We sit in silence for a while. He’s returned to staring off into the distance. I have taken to watching the footie on the TV above the bar, but it’s a thoroughly awful game. Both teams are clearly playing for a draw. To me surprise, he breaks the silence. Usually, he’s the stubborn one. “It’s ‘old Chester’ because Chester is one of the oldest towns in England, I’ll have you know! It makes perfect sense, so I won’t have you taking the piss.” He says. Glad for a reason to stop watching this shoddy game I glance back at him. Its dawn on me. He thinks he’s telling the truth! His jaw and face are set, and his arms are still folded. I shake my head in wonder. “Mate, the saying is ‘old chestnut’ you tit. It’s always been that. You look like a right pillock.” I say.
He’s having known of it. He shakes his head angrily again, his arms still solidly folded. “It’s bloody not! Why would it be ‘old chestnut?’ What does that even mean? Think about it!” He says and unfolds a hand to tap on his temple. I’m about to retort, but I stop. Old chestnut. What the bloody hell does it mean? I grope around for a few seconds while I rummage around my memory. There must be something in there. To my horror, it comes up with nothing. I tune back into him and find that he’s grinning broadly. A regular Cheshire Cat. It’s my turn to be angry. I point my finger, but I reserve the wag for the moment. “Now, hold on! Don’t you be turning this around on me! It’s not me who has been talking rubbish all these years! The saying is ‘old chestnut!” And you bloody know it!” I say, and he snorts. “Prove it.” He says.
My finger falls back down to Earth unwagged. He’s got me there. As a rule, we don’t bring our mobile phones to our weekly meetups. To make matters worse, there’s no one else in this pub because this is a lock-in. The pipes need cleaning, he’s the landlord, so we’ve got free reign to drink to our heart’s content, unless they burst, of course. He’s still smiling and look thoroughly smug. I grab my pint and take a sip to buy myself more time. I frantically search my memory. All my life I’m positive I’ve said and heard other people say ‘that old chestnut.’ Someone must have told me what it meant. It must mean something. Doesn’t it? Surely, it means something? My brain begins to hurt as I strain further.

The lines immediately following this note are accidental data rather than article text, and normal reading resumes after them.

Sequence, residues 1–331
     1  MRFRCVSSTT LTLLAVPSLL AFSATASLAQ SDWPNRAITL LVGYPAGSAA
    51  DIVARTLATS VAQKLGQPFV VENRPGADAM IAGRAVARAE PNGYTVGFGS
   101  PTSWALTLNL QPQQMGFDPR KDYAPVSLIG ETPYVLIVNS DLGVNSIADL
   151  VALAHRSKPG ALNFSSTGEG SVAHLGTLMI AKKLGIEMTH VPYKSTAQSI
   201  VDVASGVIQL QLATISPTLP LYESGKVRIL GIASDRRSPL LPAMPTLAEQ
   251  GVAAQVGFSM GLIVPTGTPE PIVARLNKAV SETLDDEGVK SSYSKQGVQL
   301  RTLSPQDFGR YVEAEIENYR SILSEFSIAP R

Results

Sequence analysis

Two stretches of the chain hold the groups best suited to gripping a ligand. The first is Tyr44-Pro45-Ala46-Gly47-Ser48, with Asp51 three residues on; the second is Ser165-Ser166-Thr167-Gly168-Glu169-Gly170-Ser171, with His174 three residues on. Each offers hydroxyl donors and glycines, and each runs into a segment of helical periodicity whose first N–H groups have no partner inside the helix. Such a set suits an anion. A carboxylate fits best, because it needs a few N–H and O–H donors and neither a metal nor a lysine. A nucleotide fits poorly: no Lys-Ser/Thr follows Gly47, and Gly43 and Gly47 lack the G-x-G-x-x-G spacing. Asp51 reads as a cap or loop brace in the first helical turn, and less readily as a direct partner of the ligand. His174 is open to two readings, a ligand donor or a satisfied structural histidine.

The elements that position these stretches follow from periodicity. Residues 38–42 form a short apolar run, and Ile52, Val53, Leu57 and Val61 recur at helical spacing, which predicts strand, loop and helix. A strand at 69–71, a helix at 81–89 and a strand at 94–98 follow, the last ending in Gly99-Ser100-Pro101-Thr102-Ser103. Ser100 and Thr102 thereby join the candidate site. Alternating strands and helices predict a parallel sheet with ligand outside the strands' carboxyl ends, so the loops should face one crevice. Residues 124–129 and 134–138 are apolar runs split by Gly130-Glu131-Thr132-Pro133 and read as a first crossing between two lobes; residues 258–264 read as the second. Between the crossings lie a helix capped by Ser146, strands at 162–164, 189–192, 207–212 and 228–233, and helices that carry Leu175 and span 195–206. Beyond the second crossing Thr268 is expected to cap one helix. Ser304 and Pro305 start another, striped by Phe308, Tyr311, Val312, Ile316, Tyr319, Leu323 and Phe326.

Bollocks. It’s over. I can’t think of anything. Without realising it, I was staring at the floor. I raise my head, ready to throw in the towel. He’s beaten me. I’m prepared to take whatever he’s about to dish out when I notice that his head is in his hands. His whole body is shaking and jiggling up and down. “What’s up with you?” I say. His hand is clamped to his face but pulls it away to reveal his face.
Tears of laughter pouring down his rosy cheeks. His finger comes out again, but this time there’s no wag. “You… you… you bloody believed me!…” He says, and he falls even deeper into hysterics. He’s got me. I close my eyes. I know about to get the piss taken out of me for years on end for this. I reopen them again to find that he’s still balling with laughter. “You bastard!” I say, but as soon as the words leave my lips, I feel them break out into a smile. Before long, I, too, am shaking with laughter. “That old Chester!” He says and falls off his stool.
Elliot Harper has written the dark science-fiction novella The City around the World published by Sinister Stoat Press, an imprint of Weasel Press. His short fiction has appeared in FIVE:2:ONE Magazine's #thesideshow web series, Maudlin House, the Ghost City Review, Akashic Book's #FriSciFi web series, Litro Magazine's #StorySunday web series and Riggwelter Journal. He regularly posts short fiction and blogs on his website. Image by Paul Falardeau (flickr)